But following his retirement in 2000 after 16 seasons Barkley became much, much rounder. As in 100 pounds rounder, surging from his playing weight of 250 to 350.
That led to a stern lecture from his doctor this year, Barkley told Game On!
"The doctor said, 'Hey dude, if you don't lose some weight you're either going to get diabetes, have a stroke or drop dead. It's either A, B or C."
Barkley listened, and now is combining his goal of getting down to 280 with being a spokesman for Weight Watchers' "Lose Like a Man" campaign that kicks off on Dec. 25. Barkley says he managed to shed 14 pounds on his own, and that he has taken off another 27 -- down to 309 -- since going on the Weight Watchers program in late September.
Barkley, 48, says he has eaten more fruits and vegetables in the last two months than he did in the previous 35 years, and he's blunt about how he gained all that weight.
"There's no excuse for me being 100 pounds overweight. That's just me being lazy," Barkley says. "I only ate rice, corn and potatoes, which are clearly starches. People don't get fat eating fruits and vegetables."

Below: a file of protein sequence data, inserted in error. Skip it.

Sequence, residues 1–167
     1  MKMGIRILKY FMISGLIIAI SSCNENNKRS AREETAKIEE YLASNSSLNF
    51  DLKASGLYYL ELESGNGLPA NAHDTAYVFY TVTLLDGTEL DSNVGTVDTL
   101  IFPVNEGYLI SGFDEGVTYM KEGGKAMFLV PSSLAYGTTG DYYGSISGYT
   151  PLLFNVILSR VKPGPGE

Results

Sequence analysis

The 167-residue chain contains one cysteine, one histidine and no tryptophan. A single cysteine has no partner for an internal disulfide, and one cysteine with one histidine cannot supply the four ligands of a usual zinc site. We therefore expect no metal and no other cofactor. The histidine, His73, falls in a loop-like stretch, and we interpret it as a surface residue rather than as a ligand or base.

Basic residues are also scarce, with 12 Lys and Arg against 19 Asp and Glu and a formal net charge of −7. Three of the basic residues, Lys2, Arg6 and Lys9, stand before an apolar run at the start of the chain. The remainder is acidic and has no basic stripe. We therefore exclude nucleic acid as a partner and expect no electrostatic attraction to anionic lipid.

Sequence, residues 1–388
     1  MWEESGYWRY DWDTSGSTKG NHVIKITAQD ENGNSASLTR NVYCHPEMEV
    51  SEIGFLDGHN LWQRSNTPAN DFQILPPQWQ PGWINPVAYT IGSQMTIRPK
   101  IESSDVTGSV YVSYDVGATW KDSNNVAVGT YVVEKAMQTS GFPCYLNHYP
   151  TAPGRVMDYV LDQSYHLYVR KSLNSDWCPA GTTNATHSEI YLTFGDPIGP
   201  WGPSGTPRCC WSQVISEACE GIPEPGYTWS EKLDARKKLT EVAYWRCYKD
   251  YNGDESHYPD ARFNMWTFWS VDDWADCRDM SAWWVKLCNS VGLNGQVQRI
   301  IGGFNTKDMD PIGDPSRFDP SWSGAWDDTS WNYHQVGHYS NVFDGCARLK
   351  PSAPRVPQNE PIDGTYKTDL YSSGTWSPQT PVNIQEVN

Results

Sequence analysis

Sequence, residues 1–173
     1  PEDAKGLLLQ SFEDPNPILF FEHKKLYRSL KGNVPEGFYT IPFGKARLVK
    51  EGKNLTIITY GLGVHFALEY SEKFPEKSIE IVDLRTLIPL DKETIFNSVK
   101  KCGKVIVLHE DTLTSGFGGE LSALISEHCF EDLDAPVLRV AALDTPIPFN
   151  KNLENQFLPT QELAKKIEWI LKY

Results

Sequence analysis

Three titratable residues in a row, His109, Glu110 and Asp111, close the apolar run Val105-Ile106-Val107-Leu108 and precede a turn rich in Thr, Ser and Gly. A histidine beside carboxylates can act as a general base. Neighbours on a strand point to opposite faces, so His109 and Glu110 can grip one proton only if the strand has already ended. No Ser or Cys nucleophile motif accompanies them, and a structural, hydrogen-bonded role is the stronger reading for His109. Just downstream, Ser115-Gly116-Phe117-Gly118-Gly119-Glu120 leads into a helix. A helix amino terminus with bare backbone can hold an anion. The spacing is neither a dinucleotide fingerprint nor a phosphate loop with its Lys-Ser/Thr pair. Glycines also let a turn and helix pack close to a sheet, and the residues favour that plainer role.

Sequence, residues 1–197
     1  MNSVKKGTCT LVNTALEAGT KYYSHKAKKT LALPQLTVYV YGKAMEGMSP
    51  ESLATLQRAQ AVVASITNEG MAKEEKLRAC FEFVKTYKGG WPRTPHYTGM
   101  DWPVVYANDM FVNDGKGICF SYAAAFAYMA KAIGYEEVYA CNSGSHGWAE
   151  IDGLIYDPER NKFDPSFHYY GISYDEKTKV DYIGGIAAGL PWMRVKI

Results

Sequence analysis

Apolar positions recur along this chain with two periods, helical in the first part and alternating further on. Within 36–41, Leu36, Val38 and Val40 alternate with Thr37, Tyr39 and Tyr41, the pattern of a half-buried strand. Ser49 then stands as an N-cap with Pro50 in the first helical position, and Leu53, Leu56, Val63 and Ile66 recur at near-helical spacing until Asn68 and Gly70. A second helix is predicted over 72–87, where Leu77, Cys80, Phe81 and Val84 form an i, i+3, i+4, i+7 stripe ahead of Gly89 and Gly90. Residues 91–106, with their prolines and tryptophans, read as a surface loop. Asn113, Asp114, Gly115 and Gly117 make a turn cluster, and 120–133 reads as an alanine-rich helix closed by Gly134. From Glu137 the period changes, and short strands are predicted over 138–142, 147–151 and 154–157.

Adds Barkley, "Anyone who gains 100 pounds, they're just a lazy a--."
He hopes that message will resonate in his home state of Alabama, which has steadily ranked as one of the nation's worst for obesity and diabetes.
"That's not something where you want to be holding up a big foam-rubber finger, and saying you're No. 1," Barkley says. "Clearly, being black, obesity and diabetes is an epidemic in our community."
Barkley says big weight gains are fairly typical for retired athletes.
"I'd say 80% of all athletes across the board have gained weight. There's two reasons for that. Your metabolism slows down, but you're also so beat up that you just don't want to work out. I had played basketball pretty much every day since I was 16. You're just tired of working out."